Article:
Supported by generous help from the Turnovsky Endowment Trust

Kapiti Chorale’s Homage to Haydn

By , 07/05/2011

Haydn: Little Organ Mass 
Excerpts from The Creation and The Seasons
Pieces for Clockwork Organ

The Kapiti Chorale, Marie Brown (conductor), Peter Averi (organ), Janey MacKenzie (soprano), John Beaglehole (tenor), Roger Wilson (bass)

St. Paul’s Anglican Church, Paraparaumu

Saturday, 7 May 2011, 2.30pm

While Haydn is an extremely important composer (1732-1809) and wrote in a great variety of genres, an entire concert of his music, not being one of his oratorios or major masses, may appear a little too much of one man’s music in a single performance.

However, the insertion of the delightful Six little pieces for flute clock lessened the effect of sameness.

The Kapiti Chorale must be the best choir around, certainly of its size, for watching their conductor. The opening of the Little Organ Mass was exemplary from this point of view. Most of the singers appeared to have memorised the opening. However, the singers started a little flat in intonation, and this unfortunate characteristic recurred rather too often through the performance. Not seriously flat, but flat nonetheless, especially the soprano section. The church has a lively acoustic, which makes it difficult to hide any inaccuracies.

The indomitable Peter Averi, this year celebrating 65 years since he first began playing the organ for church services, accompanied throughout, as well as playing a solo work. However, even he could not make a digital organ sound like a pipe organ plus string quartet, the combination for which this Mass was written, either in volume or tone. The bass of this instrument seemed particularly dull.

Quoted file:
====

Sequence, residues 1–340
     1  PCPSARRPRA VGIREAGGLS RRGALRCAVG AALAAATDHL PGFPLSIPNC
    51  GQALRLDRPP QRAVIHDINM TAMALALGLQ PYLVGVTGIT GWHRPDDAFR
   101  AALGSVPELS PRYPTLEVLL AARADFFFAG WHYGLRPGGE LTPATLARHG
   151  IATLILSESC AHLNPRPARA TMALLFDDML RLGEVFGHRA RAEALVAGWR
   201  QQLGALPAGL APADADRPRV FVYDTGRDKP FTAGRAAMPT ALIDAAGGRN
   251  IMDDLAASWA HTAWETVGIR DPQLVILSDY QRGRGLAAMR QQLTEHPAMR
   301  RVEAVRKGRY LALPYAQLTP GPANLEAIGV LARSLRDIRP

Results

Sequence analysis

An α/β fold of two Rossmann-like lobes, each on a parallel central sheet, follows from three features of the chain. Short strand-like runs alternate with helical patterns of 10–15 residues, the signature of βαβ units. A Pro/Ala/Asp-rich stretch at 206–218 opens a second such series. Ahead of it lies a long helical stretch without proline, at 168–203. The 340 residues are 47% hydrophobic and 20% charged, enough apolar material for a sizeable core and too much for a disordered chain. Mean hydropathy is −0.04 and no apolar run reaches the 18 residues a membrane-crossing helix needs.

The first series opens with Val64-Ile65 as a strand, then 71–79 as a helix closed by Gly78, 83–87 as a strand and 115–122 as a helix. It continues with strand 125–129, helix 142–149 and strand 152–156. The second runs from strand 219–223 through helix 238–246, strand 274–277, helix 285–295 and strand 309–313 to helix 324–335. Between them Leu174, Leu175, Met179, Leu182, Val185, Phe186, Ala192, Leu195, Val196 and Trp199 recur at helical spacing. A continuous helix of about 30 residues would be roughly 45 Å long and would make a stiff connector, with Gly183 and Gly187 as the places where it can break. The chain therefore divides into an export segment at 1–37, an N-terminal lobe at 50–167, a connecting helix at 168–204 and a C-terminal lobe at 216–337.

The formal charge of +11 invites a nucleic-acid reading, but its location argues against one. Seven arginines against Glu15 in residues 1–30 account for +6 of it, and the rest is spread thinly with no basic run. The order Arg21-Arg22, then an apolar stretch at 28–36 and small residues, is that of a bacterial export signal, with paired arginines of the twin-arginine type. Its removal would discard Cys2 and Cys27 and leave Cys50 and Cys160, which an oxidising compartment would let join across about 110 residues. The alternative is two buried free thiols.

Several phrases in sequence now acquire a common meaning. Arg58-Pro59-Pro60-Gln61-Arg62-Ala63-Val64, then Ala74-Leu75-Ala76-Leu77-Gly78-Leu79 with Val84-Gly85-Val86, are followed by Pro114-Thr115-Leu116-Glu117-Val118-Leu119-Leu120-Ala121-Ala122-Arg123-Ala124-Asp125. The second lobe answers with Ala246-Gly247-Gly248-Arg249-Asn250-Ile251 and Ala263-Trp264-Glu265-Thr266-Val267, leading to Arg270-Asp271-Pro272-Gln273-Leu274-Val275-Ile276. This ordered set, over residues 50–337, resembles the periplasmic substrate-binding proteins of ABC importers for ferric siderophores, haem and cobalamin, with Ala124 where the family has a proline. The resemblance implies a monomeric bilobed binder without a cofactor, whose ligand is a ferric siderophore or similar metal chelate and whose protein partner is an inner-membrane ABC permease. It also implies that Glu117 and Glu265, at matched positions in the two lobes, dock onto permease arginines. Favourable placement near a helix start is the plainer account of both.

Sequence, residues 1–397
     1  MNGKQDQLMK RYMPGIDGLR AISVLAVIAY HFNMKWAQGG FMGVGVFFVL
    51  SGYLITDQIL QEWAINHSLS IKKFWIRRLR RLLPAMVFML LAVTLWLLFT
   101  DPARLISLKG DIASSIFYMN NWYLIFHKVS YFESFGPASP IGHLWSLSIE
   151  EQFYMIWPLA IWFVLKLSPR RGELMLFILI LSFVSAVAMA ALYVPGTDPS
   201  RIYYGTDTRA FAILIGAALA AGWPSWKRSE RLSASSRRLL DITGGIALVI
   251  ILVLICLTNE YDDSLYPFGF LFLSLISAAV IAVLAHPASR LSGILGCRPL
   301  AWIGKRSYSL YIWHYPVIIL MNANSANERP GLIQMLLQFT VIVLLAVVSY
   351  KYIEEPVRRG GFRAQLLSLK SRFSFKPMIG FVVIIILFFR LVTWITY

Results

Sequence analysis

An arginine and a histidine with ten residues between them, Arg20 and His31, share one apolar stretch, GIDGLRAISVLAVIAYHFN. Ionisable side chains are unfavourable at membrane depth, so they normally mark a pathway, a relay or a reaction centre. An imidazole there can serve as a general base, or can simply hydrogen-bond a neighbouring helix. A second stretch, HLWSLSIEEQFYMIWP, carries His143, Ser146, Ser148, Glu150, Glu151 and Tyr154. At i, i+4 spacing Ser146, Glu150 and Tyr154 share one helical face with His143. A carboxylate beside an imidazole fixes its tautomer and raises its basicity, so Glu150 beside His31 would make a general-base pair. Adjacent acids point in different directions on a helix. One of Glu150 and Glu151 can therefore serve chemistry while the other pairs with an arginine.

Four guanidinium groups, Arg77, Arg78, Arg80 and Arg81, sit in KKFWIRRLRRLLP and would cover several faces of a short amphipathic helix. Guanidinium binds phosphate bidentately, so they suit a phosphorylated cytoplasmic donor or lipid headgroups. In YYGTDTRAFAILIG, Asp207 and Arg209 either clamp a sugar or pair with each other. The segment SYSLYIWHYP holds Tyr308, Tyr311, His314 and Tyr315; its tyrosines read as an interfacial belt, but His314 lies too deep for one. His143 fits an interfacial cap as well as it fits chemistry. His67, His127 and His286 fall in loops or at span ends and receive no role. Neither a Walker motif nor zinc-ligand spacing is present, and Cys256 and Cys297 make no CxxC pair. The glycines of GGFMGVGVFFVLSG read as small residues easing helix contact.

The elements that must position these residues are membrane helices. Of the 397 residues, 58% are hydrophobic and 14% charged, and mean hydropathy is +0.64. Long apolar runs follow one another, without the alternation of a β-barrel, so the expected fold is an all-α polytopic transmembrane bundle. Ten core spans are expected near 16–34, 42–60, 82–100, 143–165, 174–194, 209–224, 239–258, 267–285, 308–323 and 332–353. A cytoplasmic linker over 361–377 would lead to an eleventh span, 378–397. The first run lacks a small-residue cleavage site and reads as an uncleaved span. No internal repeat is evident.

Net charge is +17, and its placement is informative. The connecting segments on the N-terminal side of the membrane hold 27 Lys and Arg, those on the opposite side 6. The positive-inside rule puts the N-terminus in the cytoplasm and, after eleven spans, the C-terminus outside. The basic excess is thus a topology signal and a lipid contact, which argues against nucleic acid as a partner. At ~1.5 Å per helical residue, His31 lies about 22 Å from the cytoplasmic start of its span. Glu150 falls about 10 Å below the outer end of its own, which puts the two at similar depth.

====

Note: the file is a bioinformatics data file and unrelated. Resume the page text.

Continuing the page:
However, there was good sound from the choir, especially from the women. It must be said that a choir composed primarily of seniors does not achieve the brilliance or firmness of tone compared with one having a greater proportion of members of younger years. That said, the choir does very well. The problem for many choirs, of being weak in tenor numbers (and therefore sound) is not totally redeemed by using women. This does not dispose of the problem, since the register and tone are so different. Nevertheless, they were not totally overcome by the other parts by any means.

This being a short Mass, there was not a lot of repetition of the words; the lovely Benedictus solo for soprano was the only movement with an extended setting. This was beautifully sung by Janey MacKenzie, with warm, assured tone and great clarity, light and shade, and graceful legato. The movement featured an attractive organ solo.

The choir entry sounded rather feeble after such a superb solo. While the forte and mezzo-forte singing was fine, the piano singing was poor; final s’s were all over the place. The altos had the most consistent good tone, but often they could not be heard.

Peter Averi was able to come into his own in the next item: Six little pieces for flute clock, a mechanism made for large clocks by one Joseph Niemecz, an inventor who was librarian at the Esterházy court in 1780. Since the original musical device would have been small, it was well within the capabilities of the digital organ.

The opening allegretto was played with detached notes (as were other movements), appropriately for this music. The second, entitled ‘Gossiping over Coffee’ was very realistic. The fourth, ‘The Quail’ featured high 2-foot sounds replicating the squeaky call of these birds quite delightfully. The last of the six, the March, seemed as amusing a send-up or joke as the other movements. The whole work was utterly charming, and given as good a performance as was possible: this, the digital organ could do, especially in the hands of someone like Peter Averi.